Note: I received a copy of this book from the author herself. Because we both like cheese - not because she was bribing me for a good review. All thoughts in this good review are my own.
Lost and Found...and I loved it. So, when she told me she wanted to send me a paper copy of her new book I was so excited! You see, I've stalked her on social media for long enough to know when someone is pouring their whole soul into their work and that was exactly what she was doing. She lit up in every word she wrote about her new novel. It was impossible to resist wanting to read it.
Now, on with my recap and review
Nothing like Looking is a YA novel about a teenage girl named Reed Larsen. She was recently expelled from her very christian high school after someone told the principal she was gay...a fact lacking in any truth at all. Now Reed must go to the "snob school" where she feels she doesn't fit in and on day one she meets the most beautiful boy in the world, Mason. Mason has a girlfriend (the beautiful and perfect Caroline of the pretty people tribe), but he takes an interest in being Reed's friend when he sees her reading The Hobbit.
Then the horrible secret of her old school comes back to haunt her when the over bearing, political type girl, Jett, tells Reed she knows she is gay and that she was expelled for it...and Reed, being too insecure to deny it, ends up admitting and lying that it is true.
Now that she is "out" at her new school, instead of being a social pariah, Reed is an instant celebrity and gains a certain respect from her peers. Even worse, Mason feels "safe" with her and starts to form a close friendship with her - something only made more difficult by the growing romantic feelings she has for him.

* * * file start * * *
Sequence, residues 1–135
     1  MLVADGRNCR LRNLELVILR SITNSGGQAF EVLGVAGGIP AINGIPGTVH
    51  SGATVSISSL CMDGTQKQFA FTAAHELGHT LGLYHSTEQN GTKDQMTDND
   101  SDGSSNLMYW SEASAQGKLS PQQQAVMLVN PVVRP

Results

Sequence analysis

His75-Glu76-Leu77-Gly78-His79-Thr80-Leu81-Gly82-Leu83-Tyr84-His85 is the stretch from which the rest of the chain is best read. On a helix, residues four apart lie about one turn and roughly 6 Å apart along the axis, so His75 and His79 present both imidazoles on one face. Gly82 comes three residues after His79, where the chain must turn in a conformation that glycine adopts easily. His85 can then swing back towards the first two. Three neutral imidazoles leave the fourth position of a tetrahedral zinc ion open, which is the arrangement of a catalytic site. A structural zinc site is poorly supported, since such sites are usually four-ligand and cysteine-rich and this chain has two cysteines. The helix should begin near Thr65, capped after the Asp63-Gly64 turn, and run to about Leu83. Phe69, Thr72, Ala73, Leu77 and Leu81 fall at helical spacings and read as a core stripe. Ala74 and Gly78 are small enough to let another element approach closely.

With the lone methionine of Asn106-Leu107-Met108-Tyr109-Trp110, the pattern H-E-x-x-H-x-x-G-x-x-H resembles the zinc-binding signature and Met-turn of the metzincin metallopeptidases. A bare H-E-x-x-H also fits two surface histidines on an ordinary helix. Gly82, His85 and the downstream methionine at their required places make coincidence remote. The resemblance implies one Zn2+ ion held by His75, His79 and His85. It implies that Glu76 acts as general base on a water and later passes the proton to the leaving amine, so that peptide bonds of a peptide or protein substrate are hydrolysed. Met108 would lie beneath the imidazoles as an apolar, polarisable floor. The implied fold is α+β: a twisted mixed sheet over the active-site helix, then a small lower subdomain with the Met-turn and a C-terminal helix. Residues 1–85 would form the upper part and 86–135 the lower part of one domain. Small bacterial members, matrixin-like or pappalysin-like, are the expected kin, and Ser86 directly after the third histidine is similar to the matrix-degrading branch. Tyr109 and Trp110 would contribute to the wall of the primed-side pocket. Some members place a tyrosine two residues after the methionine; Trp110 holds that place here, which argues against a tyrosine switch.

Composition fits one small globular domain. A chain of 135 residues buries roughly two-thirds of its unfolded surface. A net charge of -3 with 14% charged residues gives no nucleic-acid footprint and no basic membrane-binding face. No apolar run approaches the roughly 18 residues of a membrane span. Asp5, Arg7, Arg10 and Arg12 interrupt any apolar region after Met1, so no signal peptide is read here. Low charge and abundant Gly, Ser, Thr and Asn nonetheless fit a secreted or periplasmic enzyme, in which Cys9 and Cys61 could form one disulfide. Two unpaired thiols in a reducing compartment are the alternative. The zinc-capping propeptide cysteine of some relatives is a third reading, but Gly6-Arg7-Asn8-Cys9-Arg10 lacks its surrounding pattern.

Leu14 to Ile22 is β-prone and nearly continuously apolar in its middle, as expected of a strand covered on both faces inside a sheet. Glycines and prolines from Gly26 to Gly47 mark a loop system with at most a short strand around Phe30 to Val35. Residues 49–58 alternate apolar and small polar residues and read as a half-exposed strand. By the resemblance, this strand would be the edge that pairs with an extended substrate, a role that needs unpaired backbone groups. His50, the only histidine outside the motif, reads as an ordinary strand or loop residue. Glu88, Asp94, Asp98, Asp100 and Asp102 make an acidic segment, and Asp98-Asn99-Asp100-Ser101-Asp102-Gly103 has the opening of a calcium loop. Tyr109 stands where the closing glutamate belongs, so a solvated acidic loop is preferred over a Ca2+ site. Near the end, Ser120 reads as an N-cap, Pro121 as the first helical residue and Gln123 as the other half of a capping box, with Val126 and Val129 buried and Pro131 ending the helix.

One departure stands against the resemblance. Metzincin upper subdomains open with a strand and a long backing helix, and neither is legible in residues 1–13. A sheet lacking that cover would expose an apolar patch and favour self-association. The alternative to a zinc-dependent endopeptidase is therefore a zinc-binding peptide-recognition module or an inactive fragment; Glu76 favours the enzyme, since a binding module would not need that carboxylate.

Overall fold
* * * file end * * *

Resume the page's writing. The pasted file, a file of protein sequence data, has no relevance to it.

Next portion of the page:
Okay, I think I have kept the spoilers to a minimum there. I'm just going to come right out and say it. I LOVED this book. I am a big fan of Rainbow Rowell and I can feel a great deal of inspiration come from that direction but this work is all Chris. The way she has captured the tension of high school friendships and the uncertainty of teenagers figuring themselves out was exquisite. So much love and attention went into the development of each of the characters that they just shone on the pages.
There were moments when I found myself thinking "Geez - just tell them already!" but I had to stop myself. Because the character was a teenager and she was merely acting the way a real, insecure teenager would.
I loved how the story tied itself together through the character relationships. They FELT real. They had quirks and insecurities, but they worked through them or outgrew the friendships.
Now that I am finished reading it, I plan to pass my copy along to a teen in my life who I think will really love it. I think the messages of individualism and growth are good for her to read.
And you? Well, you need to go buy this one now. Just do it. It'll be the best $4 you can spend this month.